JFrog introduced Project Pyrsia, an open-source software community initiative that utilizes blockchain technology to secure software packages (A.K.A Binaries) from vulnerabilities and malicious code.
For the last seven years, Puppet has published a DevOps Salary Report that draws on the demographic data of respondents to the State of DevOps Report survey. The DevOps Salary Report is intended to help practitioners and managers gain insight into the latest salary trends in the global DevOps industry in order to help them negotiate the highest salary based on their location, title, team, and other demographic factors. We believe equipping DevOps professionals with this information is the best way to empower them to move up the salary ladder!
For the second year in a row, we took into account the impact of the pandemic while analyzing our findings, and did our best to assess what may be a temporary shift versus a long-term trend. We found that more workers are moving into higher income levels than at any time in the past three years across a variety of roles, industries, and countries, and we are fairly confident this represents a long-term trend as companies continue to prioritize digital transformation in an increasingly hybrid-virtual world.
We also found that more women in DevOps are entering the highest income brackets across roles, industries, and regions, causing the gender pay gap to close slightly within the higher income brackets. We are cautiously optimistic that this is an ongoing trend, perhaps an early indicator of so many companies doubling down on their diversity, equity, and inclusion initiatives.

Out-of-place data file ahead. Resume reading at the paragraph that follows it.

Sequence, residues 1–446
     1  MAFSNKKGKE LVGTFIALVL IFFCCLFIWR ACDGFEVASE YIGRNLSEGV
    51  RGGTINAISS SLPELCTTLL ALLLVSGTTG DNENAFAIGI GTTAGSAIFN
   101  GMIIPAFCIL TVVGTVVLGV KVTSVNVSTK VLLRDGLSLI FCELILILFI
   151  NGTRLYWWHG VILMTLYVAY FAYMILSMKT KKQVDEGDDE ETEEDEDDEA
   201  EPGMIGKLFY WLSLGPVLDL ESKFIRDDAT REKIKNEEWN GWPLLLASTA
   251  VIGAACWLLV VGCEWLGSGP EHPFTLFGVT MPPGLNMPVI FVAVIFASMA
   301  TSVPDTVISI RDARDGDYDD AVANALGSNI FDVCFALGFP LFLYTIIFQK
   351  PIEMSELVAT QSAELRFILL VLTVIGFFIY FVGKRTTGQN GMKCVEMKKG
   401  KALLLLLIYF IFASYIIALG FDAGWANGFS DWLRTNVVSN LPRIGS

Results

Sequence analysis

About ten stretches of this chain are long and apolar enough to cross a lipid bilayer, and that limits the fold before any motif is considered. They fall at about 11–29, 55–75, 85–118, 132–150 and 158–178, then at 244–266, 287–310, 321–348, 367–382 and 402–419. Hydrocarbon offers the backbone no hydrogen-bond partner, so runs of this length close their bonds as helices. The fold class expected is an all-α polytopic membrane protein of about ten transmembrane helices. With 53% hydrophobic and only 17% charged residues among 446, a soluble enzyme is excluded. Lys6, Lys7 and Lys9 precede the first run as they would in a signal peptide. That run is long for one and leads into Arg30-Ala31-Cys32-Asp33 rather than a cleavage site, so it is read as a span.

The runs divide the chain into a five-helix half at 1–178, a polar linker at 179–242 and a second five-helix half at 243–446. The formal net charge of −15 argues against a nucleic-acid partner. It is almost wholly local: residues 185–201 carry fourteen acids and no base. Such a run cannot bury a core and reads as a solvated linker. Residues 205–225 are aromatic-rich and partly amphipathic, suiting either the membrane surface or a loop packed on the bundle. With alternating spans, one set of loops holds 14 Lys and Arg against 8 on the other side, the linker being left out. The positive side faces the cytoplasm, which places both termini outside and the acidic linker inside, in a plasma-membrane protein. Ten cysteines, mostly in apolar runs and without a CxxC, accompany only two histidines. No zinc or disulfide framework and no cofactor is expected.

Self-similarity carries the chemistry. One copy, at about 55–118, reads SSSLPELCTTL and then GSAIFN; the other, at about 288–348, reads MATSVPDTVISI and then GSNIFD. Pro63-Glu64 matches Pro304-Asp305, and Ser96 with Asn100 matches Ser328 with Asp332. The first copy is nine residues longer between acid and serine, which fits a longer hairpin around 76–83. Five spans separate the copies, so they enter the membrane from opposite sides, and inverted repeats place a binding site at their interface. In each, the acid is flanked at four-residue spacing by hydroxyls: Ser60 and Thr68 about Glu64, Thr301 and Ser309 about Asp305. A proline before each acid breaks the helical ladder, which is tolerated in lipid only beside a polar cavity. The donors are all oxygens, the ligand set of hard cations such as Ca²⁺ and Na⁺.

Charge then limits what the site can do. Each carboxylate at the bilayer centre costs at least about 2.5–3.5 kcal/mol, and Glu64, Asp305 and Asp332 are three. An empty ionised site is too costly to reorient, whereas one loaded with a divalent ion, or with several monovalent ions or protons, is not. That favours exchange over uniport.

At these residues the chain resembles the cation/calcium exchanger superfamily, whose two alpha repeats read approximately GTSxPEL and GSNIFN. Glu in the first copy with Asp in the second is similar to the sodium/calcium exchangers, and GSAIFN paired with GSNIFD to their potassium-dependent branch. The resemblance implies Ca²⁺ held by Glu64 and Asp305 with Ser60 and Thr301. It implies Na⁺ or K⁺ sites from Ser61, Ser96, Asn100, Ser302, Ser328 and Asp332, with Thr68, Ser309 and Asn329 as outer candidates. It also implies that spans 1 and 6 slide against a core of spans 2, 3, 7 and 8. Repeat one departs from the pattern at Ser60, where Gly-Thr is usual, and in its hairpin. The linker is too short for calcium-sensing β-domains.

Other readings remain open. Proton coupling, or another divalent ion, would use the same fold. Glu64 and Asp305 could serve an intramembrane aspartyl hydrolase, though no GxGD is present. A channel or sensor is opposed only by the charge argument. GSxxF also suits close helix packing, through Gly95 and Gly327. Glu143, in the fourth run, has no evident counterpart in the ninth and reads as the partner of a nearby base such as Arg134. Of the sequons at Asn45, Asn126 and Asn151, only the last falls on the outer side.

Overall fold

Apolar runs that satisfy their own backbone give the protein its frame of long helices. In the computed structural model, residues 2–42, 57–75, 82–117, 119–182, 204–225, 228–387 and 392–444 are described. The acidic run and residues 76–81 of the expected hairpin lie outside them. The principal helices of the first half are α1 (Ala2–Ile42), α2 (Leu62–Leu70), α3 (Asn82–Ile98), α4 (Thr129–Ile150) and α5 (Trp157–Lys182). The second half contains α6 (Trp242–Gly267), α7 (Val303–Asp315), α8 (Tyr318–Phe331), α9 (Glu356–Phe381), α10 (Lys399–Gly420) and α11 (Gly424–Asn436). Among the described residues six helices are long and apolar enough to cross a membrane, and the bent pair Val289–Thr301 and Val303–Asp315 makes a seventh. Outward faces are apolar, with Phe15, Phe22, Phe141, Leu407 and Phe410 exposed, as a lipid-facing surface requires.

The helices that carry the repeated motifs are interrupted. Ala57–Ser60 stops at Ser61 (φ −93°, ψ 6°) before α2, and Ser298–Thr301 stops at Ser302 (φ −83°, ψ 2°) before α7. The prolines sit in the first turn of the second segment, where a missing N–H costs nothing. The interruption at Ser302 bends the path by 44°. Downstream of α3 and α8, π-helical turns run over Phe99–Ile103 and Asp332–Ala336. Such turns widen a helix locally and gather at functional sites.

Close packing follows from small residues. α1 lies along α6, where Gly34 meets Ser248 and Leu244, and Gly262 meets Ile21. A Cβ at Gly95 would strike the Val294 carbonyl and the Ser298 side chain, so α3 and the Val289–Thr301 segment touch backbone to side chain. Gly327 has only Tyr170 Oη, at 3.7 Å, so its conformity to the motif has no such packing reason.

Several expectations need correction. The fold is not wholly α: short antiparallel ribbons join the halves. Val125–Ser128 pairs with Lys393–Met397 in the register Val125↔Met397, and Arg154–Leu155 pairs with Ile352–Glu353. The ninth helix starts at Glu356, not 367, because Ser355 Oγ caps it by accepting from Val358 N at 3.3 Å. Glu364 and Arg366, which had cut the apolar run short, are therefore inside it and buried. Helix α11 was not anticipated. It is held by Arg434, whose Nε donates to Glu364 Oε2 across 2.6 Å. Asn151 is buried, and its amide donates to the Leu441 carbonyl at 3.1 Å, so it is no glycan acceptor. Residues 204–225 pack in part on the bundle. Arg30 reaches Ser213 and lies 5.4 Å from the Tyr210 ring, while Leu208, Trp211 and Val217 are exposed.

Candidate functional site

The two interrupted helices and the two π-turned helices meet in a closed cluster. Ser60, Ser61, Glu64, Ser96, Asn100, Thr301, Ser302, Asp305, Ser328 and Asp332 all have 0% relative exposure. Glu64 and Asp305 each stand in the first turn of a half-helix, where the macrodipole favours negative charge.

What About DevOps Maturity?
There's one key finding we'd like to explore further for the sake of this post, and that is that companies at a high level of DevOps evolution continue to compensate their employees at the highest level, with practitioner salaries doubling and manager salaries nearly tripling from 2020 to 2021. Let's dig in.
If you've read at least one of the last ten years' State of DevOps Reports, you'll know that we often discuss the level of DevOps maturity or evolution, which is based on how holistically a company has implemented DevOps best practices. Respondents to the survey self-report as low, mid, or high in their DevOps evolution, enabling us to draw correlations between a company's DevOps maturity and other factors — for example, how likely they are to leverage platform teams, or how successfully they're using the cloud.
It stands to reason that a company with higher levels of DevOps maturity prioritize DevOps skills, and are incentivized to compensate DevOps professionals at a higher rate, compared to organizations that have less evolved DevOps practices. As a result of the pandemic, companies that prioritize DevOps practices likely doubled down on hiring skilled DevOps professionals, and offered competitive salaries to attract and retain more senior managers and practitioners with deeper DevOps expertise.
And in fact, the data supports this.
The rate of managers earning more than $150,000 at organizations with highly evolved DevOps practices nearly tripled, from 14% in 2020 to 40% in 2021.
Similarly, the rate of practitioners earning more than $150,000 at organizations with highly evolved DevOps practices more than doubled between 2020 (8%) and 2021 (20%).
In general, practitioners at organizations with higher DevOps evolution are more likely to fall in the highest income bracket ($150,000-plus) than those at organizations with lower DevOps evolution. Our 2021 statistics show that 20% of practitioners earn more than $150,000 at high-evolution firms, compared to 12% at mid-evolution firms and 14% at low-evolution firms.
As mentioned earlier, these notable year-over-year increases in salaries for DevOps practitioners and managers may be attributed to companies seeking to attract and retain talent in a competitive landscape. We hypothesize that firms with more highly evolved DevOps practices would invest even more in their DevOps practitioners.
For DevOps managers or practitioners seeking a higher salary, we recommend keeping this in your back pocket!
If you're a hiring manager at an organization with low or mid DevOps maturity, you may want to consider offering higher starting salaries to DevOps professionals to attract the talent who can champion DevOps evolution at your company.